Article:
Lord Lester of Herne Hill: Before the noble Lord sits down, on the last point, could he at least undertake to provide the committee with the submission that the Government will make to the Committee of Ministers of the Council of Europe for their December DH meeting in order that the committee can see the nature of the defence that is being made by the Government for their failure so far to abide by the judgment in the Marper case? That would not require any extra work, simply disclosure to our committee, which is responsible for monitoring the execution of judgments against the United Kingdom.
Lord Brett: I undertake to take that request back to my colleagues in the Home Office. We are not in a position to anticipate the Queen's Speech. However, as I said, we are committed to bringing forward legislation as soon as possible. We have continued the relevant work. I hope that that response will engender sufficient confidence in the noble Baroness to enable her to withdraw the amendment.
Baroness Neville-Jones: My Lords, the Government should not have been surprised by the Marper judgment. The system prevailing in England, Wales and Northern Ireland has been subject to extraordinarily widespread and sustained criticism for a long time and does not accord with the civil liberties of individuals. I am grateful for the support of the right reverend Prelate, who said that the system undermined confidence and trust in government.
It is good to hear that the Government are serious in their intention to bring forward legislation. However, I think that there are likely to be fundamental differences between what we on this side of the House consider constitutes an appropriate size and function of database and what the Minister is saying it should comprise. We believe that Scotland has a tried and tested functioning system. It is therefore not the case that there is no system working in this country which is available for early adoption. In fact, we would say that it is available for immediate adoption. That system has demonstrated its worth and has a higher rate of matching than the much bigger database in this country, which contains the names of people who should not be on it.
There are real difficulties about continuing as we are. Every month, some 40,000 names are added. Approximately one in 10 people in this country now have their data on that database. That seems to be quite wrong. I accept what the Minister said about the seriousness of the Government's intentions. We are grateful for the support of the Benches next door. However, we believe that this situation, which is a very unsatisfactory system which contravenes the long-standing view of the balance between security, crime and individual rights, should not persist, because we can replace it with something that is immeasurably better. Therefore, I should like to test the opinion of the House.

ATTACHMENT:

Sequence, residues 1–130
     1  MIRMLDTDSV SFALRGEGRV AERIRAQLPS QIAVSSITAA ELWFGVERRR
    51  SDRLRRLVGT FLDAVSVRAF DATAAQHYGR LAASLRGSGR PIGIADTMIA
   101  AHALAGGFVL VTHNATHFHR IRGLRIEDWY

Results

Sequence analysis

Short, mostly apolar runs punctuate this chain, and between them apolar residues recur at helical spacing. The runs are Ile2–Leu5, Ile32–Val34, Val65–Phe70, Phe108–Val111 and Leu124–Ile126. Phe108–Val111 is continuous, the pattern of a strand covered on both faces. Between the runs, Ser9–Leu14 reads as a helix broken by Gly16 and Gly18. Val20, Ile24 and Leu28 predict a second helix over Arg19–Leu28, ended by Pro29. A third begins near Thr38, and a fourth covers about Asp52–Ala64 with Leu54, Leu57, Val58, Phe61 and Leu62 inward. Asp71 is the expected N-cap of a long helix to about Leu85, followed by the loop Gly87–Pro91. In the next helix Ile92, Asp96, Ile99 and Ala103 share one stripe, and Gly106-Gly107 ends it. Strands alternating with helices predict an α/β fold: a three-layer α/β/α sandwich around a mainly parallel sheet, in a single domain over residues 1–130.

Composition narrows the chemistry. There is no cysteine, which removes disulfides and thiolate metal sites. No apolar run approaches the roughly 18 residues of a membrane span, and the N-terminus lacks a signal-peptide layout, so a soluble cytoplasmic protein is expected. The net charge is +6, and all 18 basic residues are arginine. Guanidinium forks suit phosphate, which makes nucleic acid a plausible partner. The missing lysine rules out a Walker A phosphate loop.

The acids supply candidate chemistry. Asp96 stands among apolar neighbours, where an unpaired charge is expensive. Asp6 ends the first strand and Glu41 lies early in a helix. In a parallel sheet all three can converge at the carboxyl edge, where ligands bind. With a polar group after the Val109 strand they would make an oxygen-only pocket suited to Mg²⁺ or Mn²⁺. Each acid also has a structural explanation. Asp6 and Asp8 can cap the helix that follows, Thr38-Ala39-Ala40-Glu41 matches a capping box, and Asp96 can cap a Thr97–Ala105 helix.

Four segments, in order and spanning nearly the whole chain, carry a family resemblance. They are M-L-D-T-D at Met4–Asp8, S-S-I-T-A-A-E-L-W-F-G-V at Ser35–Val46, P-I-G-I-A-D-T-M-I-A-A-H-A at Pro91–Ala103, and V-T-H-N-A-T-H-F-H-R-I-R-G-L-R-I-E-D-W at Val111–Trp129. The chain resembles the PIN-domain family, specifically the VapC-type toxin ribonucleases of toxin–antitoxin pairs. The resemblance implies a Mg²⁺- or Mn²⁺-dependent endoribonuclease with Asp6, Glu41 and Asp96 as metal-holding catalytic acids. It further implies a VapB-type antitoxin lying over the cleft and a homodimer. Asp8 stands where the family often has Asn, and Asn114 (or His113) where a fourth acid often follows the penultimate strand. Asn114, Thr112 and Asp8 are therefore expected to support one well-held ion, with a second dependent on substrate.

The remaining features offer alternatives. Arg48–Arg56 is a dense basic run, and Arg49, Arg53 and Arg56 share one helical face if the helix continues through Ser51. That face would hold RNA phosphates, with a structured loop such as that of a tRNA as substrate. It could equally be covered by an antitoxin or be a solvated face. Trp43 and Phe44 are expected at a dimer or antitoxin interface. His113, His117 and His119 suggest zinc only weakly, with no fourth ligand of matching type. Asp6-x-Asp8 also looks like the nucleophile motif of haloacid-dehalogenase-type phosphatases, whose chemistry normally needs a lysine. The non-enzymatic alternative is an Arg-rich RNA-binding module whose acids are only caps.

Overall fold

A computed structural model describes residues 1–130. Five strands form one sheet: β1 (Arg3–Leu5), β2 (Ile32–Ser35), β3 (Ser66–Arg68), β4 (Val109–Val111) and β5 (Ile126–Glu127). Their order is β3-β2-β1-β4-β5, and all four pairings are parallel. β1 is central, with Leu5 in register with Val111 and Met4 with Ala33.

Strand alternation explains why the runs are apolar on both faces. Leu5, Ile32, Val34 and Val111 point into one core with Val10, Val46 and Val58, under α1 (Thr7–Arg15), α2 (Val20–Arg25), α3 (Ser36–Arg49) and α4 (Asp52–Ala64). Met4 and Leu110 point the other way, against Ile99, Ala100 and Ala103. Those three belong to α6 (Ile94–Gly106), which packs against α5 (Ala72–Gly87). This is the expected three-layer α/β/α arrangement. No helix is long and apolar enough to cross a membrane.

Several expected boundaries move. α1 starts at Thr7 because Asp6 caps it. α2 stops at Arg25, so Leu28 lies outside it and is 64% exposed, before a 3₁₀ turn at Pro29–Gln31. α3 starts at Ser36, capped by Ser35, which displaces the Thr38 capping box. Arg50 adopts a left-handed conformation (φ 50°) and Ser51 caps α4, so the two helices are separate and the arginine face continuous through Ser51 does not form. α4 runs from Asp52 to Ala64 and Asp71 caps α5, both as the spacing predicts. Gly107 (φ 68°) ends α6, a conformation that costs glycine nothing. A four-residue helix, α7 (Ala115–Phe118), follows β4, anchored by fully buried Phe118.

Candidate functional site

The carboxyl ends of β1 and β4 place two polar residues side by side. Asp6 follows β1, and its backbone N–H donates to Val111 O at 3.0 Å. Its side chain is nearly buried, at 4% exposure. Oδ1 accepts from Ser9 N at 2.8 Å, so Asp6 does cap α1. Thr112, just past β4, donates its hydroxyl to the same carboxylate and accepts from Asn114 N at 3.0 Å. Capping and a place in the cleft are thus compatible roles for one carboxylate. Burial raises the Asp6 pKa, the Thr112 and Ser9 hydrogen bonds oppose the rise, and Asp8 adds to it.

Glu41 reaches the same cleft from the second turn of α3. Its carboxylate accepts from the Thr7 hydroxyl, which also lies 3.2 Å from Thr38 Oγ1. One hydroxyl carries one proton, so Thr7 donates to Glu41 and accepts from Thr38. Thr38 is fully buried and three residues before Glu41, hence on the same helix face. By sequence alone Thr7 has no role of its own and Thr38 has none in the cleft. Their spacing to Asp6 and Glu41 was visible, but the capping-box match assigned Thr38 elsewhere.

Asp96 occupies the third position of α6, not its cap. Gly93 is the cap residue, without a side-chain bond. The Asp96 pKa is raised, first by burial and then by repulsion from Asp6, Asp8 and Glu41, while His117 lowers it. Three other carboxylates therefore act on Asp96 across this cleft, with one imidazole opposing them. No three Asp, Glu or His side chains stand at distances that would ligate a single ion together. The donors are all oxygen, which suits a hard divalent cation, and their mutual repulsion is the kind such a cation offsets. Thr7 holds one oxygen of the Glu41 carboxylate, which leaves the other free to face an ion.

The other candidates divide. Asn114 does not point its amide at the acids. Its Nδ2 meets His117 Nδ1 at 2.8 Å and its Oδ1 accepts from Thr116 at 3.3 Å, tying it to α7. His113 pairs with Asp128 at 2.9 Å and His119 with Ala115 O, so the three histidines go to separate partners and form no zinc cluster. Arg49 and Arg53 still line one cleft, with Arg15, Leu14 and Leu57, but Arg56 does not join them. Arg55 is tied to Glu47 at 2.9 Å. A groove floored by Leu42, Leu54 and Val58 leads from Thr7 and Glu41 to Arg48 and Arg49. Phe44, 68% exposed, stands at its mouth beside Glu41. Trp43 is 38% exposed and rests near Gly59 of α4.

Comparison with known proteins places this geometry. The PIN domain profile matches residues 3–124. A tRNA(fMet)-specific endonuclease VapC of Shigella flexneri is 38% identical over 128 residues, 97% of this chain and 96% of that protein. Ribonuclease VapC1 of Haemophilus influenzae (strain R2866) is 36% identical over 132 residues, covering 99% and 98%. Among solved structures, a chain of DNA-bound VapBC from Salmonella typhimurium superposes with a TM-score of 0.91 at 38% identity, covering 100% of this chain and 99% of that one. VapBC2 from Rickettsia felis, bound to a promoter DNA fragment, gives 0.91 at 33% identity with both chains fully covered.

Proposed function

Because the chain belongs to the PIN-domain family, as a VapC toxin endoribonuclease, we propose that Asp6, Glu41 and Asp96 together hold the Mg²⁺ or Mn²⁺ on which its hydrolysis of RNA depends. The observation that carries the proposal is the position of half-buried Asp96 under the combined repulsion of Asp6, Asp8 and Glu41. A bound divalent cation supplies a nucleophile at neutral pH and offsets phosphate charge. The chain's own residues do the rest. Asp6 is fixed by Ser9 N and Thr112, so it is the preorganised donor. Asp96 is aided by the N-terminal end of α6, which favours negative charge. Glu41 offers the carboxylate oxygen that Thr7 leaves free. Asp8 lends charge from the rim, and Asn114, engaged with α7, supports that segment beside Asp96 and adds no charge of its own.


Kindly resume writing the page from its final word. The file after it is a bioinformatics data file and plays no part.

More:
(a) the taking of photographs by the police of individuals who have not been arrested and those who have not been charged with or found guilty of a crime;
(b) the retention of such photographs by the police;
(c) the circumstances in which such photographs may be shared;
(d) the uses to which such photographs may be put; and
(e) the destruction of such photographs at the earliest possible opportunity, in the absence of a reasonable basis for suspecting that the individual might commit an offence.
(a) Article 8(1) right to privacy, set out in the Human Rights Act 1998 (c. 42); and
(b) the data protection principles in section 4 of the Data Protection Act 1998 (c. 29).
Baroness Miller of Chilthorne Domer: My Lords, a moment ago the right reverend Prelate the Bishop of Lincoln referred to the erosion of privacy. This amendment takes us back to the same theme and concerns the retention of photos of innocent people-people who have not been charged with, or found guilty of, anything. When I tabled a similar amendment during consideration of a different Bill, the Minister said that the PACE codes were not the appropriate place to put any guidance for the police on how long they should keep photos of innocent people, or on any other matters pertaining to them taking photos of people attending meetings, demonstrations and so on. This amendment requires the Secretary of State to draw up a code of practice. Given that the PACE code is not the appropriate place for such guidance, I hope that the Government will see this as a constructive way forward. I beg to move.